It was a great example of civil justice at work: A group of young adults won a class-action lawsuit after being poisoned by lead paint in old Baltimore row houses. Many of them received structured settlements from the case, meant to provide them with guaranteed payments and future financial security. But as they awaited their structured settlement payments, one company sought those plaintiffs out and coerced them into selling their payments for far less than they were worth. Access Funding obtained the rights to future settlement payments worth nearly $18 million from 100 Maryland residents — many of whom were suffering from disabilities from their lead poisoning — for pennies on the dollar. Now, a lawsuit is aiming to get the plaintiffs their money back.
In January 2019, Maryland Attorney General Brian E. Frosh filed suit against Access Funding, a company he says preyed on plaintiffs who received structured settlement payments from the Baltimore lead paint class action. In April 2019, the Maryland Court of Special Appeals gave the green light on cases seeking to require Access Funding to give that money back to the victims.
According to the investigation, Access Funding convinced “lead paint virgins” to agree to sell their Maryland structured settlements for cash. The company searched for the victims through aggressive marketing practices, urging them to sell structured settlement payments for upfront cash — even if they had no pressing financial need. For example, Access posted 22 billboards around Baltimore over the course of one month in 2013, urging victims of lead poisoning to “GET CASH NOW.” The company then bought the rights to victims’ future payments at a steep discount, leaving them with way less money and without the safety net of the future payments they previously relied on.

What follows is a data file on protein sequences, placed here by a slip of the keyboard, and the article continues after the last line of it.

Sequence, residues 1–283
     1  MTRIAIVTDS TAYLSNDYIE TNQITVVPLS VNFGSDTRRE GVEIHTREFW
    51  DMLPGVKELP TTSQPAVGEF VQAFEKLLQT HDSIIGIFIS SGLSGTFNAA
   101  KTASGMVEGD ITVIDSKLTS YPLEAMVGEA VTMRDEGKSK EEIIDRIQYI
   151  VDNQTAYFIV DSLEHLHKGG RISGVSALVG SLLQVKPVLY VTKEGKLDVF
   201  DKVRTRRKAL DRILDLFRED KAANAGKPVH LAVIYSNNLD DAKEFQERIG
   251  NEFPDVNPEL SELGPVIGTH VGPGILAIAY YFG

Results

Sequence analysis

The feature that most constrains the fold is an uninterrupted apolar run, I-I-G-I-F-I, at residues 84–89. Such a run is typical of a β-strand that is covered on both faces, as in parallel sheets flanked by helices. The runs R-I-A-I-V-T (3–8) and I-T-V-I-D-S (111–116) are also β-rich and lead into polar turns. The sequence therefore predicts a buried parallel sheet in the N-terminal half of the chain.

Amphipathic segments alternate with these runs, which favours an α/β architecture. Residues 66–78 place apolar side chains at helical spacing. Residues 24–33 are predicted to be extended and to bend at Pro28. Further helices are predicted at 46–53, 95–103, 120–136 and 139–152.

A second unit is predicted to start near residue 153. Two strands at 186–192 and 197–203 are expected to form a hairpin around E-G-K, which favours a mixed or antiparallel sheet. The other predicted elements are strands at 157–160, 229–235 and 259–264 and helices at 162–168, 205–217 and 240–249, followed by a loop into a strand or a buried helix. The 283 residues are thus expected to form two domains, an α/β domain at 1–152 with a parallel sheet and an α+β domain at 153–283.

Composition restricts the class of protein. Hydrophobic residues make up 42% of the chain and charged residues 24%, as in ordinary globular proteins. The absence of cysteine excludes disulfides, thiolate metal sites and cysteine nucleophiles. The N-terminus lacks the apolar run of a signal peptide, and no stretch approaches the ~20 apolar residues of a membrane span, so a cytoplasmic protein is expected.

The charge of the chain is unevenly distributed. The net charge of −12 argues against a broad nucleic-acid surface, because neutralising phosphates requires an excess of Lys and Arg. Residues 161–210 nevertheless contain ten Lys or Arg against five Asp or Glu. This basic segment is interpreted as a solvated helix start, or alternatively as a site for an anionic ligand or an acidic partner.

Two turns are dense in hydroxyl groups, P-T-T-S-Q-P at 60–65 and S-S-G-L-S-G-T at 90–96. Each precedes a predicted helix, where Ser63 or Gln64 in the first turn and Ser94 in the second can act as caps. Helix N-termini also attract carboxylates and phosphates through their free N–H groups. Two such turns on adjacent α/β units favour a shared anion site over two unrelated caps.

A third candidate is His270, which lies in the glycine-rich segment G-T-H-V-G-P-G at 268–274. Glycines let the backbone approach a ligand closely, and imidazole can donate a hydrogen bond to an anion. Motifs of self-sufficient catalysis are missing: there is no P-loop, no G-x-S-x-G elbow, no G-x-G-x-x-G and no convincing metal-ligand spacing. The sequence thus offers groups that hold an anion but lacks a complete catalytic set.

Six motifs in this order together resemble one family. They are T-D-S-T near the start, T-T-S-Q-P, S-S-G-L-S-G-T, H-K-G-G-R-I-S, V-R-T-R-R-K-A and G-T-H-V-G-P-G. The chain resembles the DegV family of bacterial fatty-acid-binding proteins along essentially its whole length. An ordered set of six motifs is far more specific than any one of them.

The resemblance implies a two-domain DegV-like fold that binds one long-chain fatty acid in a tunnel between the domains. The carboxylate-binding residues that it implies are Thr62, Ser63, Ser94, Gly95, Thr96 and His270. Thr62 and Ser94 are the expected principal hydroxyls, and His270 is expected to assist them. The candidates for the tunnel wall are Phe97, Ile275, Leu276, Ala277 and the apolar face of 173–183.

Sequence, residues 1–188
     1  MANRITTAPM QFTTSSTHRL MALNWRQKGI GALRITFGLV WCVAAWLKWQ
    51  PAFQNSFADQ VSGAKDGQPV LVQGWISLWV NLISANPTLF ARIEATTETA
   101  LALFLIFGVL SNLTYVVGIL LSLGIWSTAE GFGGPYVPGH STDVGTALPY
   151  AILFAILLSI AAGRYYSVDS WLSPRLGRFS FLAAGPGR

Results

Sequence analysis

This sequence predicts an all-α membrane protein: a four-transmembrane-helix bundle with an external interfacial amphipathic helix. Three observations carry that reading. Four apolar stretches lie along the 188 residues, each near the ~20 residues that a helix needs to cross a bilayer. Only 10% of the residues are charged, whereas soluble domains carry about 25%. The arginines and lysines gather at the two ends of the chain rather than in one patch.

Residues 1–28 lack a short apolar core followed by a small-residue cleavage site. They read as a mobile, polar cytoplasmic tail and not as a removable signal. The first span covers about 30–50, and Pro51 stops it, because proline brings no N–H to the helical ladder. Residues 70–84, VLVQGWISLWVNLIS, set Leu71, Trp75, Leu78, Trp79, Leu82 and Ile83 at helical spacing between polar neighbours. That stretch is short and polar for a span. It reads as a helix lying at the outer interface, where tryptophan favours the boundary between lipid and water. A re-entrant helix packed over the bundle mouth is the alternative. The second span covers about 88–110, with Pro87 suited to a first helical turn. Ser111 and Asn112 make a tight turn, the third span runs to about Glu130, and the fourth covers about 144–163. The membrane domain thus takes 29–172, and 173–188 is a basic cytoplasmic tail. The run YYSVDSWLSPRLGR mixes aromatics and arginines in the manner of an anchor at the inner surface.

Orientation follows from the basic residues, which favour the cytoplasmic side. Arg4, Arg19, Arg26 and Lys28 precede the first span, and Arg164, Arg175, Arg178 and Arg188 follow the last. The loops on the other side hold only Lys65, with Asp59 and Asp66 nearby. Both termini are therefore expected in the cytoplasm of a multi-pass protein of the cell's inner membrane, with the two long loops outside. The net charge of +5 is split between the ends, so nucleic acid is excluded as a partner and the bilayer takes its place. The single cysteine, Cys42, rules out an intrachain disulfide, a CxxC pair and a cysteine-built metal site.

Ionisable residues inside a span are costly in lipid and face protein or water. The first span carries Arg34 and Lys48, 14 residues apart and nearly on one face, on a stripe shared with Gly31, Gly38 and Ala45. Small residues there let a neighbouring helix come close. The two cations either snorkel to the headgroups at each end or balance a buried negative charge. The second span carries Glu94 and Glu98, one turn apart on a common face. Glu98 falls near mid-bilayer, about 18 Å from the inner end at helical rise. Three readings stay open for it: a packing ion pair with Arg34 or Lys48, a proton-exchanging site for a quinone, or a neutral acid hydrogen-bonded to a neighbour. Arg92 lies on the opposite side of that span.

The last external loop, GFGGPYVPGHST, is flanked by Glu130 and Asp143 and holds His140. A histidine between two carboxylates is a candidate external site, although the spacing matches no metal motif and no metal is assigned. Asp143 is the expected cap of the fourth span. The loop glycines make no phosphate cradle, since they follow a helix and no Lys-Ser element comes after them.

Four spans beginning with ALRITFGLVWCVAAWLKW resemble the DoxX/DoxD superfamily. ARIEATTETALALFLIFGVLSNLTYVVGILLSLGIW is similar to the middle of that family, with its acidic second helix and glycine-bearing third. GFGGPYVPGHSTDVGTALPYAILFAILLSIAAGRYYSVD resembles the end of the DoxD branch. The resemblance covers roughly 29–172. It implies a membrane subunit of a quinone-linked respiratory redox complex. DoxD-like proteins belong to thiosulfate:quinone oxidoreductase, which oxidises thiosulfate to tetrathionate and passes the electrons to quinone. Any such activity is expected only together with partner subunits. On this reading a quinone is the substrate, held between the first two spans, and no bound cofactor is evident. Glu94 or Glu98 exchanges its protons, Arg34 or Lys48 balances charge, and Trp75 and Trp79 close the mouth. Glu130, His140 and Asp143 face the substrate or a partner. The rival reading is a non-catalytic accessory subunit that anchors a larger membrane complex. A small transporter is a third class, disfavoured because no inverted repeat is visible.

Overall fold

It’s not just Attorney General Frosh who is after Access Funding for the way it treated this group of vulnerable people. The Consumer Financial Protection Bureau (CFPB) also has a case pending against Access for what it calls an illegal scheme. The Bureau’s complaint alleges that the defendants violated laws that prohibit unfair, deceptive, and abusive practices. For example, Access steered the plaintiffs toward a sham financial advisor who provided no actual advice and took advantage of their cognitive impairments and lack of understanding.
People need the ability to sell their structured settlement payments for cash, but they deserve the right to work with a company that operates fairly, transparently, and ethically. Unfortunately, some companies put their own interests first, which casts doubt on the entire industry. We at CrowFly commend the efforts of Attorney General Frosh and the CFPB in voicing the unfair treatment of the lead paint plaintiffs and advocating for recourse against Access Funding.